Emulators of Classic Computers

From: William Donzelli <aw288_at_osfn.org>
Date: Wed Jan 21 00:04:57 2004

> ...this sounds as though it's the converse; this sounds as though tube
> transit times are inconveniently _high_.
> So I don't get it.

In theory, computing tubes would not use much power at all, so one could
space the cathode-grid-plate structure very close, and get the super
speeds due to the very short distances involved. Imagine tubes as small
today's transistors - the speeds would be fantastic, as the electrons
would speed right thru the micron of vacuum much faster that a micron of

However, the real world hits the tubes far before element spacing gets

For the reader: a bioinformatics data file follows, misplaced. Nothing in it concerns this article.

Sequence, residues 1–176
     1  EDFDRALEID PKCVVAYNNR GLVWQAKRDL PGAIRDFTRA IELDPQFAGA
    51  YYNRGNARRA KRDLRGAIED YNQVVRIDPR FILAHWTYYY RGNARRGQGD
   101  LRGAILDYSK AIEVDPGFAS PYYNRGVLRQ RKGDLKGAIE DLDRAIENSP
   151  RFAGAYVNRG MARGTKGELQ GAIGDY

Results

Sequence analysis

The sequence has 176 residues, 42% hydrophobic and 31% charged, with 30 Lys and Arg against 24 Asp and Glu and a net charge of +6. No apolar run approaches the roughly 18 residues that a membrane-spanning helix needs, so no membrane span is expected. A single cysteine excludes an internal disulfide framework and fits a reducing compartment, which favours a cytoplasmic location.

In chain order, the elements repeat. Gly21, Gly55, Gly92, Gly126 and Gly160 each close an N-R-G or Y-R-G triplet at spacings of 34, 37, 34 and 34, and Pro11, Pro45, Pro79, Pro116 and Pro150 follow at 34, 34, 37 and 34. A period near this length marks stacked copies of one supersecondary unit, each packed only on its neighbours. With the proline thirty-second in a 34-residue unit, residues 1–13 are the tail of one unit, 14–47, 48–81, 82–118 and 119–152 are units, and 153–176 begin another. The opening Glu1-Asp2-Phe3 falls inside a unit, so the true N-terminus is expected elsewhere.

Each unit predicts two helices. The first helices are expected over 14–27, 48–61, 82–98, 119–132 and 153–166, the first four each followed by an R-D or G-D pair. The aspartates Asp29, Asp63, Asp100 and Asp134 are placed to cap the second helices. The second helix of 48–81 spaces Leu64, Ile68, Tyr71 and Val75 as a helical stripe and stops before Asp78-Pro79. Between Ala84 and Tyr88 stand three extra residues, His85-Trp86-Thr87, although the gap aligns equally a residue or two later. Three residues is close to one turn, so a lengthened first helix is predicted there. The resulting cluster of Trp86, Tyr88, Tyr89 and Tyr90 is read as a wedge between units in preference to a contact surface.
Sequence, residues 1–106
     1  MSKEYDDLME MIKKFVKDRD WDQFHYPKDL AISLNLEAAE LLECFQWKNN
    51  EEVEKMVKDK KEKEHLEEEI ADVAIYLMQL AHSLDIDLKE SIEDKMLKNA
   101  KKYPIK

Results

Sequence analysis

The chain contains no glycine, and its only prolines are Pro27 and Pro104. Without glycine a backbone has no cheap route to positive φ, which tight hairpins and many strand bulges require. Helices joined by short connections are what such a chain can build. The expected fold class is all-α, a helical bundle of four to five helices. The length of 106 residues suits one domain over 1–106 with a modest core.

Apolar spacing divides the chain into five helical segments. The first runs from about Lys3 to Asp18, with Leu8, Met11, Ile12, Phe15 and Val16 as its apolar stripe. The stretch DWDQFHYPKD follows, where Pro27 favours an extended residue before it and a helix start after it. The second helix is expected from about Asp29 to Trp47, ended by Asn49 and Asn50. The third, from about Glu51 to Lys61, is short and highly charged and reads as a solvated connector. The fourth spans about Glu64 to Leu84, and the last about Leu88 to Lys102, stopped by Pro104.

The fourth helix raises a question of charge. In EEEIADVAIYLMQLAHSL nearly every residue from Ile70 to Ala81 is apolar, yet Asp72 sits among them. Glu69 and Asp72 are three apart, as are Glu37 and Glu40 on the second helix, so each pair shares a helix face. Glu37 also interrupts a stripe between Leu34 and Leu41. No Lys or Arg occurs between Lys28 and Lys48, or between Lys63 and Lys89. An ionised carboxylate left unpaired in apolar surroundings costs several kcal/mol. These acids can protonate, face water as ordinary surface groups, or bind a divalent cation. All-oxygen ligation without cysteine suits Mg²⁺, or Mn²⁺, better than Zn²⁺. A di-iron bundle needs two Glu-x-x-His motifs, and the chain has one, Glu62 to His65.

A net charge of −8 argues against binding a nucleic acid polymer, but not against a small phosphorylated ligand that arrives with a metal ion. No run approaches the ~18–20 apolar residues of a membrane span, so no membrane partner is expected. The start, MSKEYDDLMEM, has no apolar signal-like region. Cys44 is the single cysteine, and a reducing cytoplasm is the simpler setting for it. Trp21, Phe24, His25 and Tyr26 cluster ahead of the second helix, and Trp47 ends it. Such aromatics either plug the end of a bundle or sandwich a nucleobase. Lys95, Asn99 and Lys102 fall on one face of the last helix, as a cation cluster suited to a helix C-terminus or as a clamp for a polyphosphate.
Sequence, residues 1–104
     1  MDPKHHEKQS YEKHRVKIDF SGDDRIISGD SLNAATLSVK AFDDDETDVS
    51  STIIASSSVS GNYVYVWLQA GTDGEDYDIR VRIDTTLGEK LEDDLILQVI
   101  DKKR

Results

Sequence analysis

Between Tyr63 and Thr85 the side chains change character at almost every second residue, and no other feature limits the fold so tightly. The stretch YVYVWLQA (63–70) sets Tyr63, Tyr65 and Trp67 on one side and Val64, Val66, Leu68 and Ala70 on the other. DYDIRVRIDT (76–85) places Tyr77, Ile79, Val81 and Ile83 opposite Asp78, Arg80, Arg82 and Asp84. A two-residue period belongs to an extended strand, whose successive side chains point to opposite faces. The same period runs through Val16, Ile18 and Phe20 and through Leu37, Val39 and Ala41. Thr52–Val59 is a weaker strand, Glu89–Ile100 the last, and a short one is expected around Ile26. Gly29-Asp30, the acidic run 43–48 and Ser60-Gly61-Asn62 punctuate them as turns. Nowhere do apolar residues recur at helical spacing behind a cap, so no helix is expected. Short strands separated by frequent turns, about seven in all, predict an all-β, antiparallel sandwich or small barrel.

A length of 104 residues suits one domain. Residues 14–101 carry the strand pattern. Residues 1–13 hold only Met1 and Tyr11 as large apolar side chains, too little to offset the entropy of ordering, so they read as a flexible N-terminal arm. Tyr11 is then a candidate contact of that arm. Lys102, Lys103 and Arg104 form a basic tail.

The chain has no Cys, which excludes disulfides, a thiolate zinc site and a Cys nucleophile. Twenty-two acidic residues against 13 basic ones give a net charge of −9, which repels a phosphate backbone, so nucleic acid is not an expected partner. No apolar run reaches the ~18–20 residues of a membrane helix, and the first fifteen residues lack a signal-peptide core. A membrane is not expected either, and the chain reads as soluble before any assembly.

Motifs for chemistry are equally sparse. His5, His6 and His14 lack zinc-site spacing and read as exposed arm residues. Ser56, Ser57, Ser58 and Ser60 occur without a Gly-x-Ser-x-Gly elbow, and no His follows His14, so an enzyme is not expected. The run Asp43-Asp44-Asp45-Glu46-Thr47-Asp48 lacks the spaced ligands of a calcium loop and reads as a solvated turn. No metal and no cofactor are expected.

this tiny. The breakdown voltage between the cathode and plate probably
hits first - too close, and the electrons will simply jump over on their
own, like a spark. Likewise, with very short distances, capacitance will
become a big issue. The best conventional tubes top out somewhere around 4
GHz, and these were only good for small amounts of power. They were a
bastard to build, as well.

So, in a perfect world, with no capacitance or power problems, tubes
would be great.

William Donzelli
Received on Wed Jan 21 2004 - 00:04:57 GMT

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